Brooke Heymach
University of California - Hastings College of the Law
EJA Fellowship recipient, Summer 2002
Staff Attorney, Legal Aid Society of San Mateo County

 
“EJA gave me the opportunity to launch my public interest career.”
   

Raising a young child with disabilities is no easy task, especially for parents with limited incomes. Connecting a child with the services he needs is never as simple, or as quick, as it should be. Fortunately for families in San Mateo County, California, Brooke Heymach is there to guide them.

Take one little boy named Jose. Jose was born prematurely and soon began showing signs of developmental delays. His pediatrician referred him to Early Intervention Services. Often called “Early Start,” these federally required services are supposed to start within 45 days of a referral. But Jose's mandatory eligibility assessment was delayed 6 critical months.

At two-and-a-half years old, Jose's mother took him for a check-up and the clinic diagnosed Jose with autism. The clinic recommended that Early Start provide autism-related services. But the county's Early Start provider failed to assess, diagnose or provide services to Jose.

That's when Heymach got involved. Desperate for some kind of help, Jose’s mother came to her at the Legal Aid Society of San Mateo County when she heard about Heymach in a parent group. “As any mother would be in her situation, she was completely overwhelmed,” the 2002 EJA fellowship recipient says. “Her little boy, who was almost three, was non-verbal and barely made eye contact with her.”
Heymach immediately contacted the county's Early Start provider, advocated and negotiated for Jose and prepared for the possibility of an administrative hearing. In the end, Jose obtained all the recommended services and his mother became a strong advocate for Jose and for herself. “Jose has done so well since then,” Heymach says. “Recently, for the first time ever, Jose was able to tell his mother that his favorite snack was a graham cracker.”

A delay of four or five months seems like nothing to a large bureaucracy, Heymach points out, but felt like ages to Jose and his family. Each month is developmentally significant for these little ones, she says, and the whole purpose of early intervention is to get an infant or toddler service as soon as possible. Through her work at Legal Aid, Heymach is able to enforce this right.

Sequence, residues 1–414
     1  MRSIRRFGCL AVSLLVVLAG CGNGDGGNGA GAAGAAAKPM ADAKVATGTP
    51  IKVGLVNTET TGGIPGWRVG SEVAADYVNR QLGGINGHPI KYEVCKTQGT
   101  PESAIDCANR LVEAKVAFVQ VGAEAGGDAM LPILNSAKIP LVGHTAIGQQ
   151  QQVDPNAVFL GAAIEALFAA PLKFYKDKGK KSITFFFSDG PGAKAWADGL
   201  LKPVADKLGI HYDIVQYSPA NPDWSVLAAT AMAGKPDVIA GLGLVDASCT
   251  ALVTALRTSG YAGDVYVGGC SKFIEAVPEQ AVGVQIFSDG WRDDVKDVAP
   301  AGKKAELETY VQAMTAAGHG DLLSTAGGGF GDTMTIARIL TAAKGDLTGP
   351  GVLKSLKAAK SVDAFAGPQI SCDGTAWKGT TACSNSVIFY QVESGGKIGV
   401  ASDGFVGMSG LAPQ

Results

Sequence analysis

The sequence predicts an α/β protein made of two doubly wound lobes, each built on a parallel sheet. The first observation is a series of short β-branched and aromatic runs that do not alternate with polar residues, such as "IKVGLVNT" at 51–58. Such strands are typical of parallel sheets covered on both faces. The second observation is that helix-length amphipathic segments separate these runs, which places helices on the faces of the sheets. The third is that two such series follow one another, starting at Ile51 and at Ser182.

Heymach didn't originally intend to become an attorney. After receiving her master's degree in social work, she worked for a nonprofit that dealt with health care policy in Missouri. There, Heymach says, she realized how families could be devastated by illness, and the resulting stress, worry and debilitating debt, when they lacked access to health care.

She then resolved to become a legal aid attorney to fight for health care rights, and entered the University of California – Hastings College of the Law. “I was fortunate enough my second year to apply for the Equal Justice America fellowship and get it,” she says, “and start working in this field at Legal Aid. EJA gave me the opportunity to launch my public interest career.”

Because of her work at Legal Aid as an EJA Fellow, Heymach developed the idea for the Children's H.E.R.O. Project (Health, Education, Representation and Outreach), which helps children get access to health care and health services. The program places special emphasis on assisting infants and children under three who show signs of developmental delays.

Heymach believes firmly that access to health care “is not a privilege, it's a right.” And in San Mateo County, the word has spread that she can help families claim that right. “People in the community talk, and they know what I do now,” Heymach says. “Whenever there's a problem, they call me immediately.”


Heymach, now in the second year of her post-graduate fellowship, hopes to continue her work as a staff attorney at the Legal Aid Society. She credits Equal Justice America with enabling her to do so much for families and for children like Jose. “Honestly,” she says, “without the fellowship I wouldn't be where I am now.”

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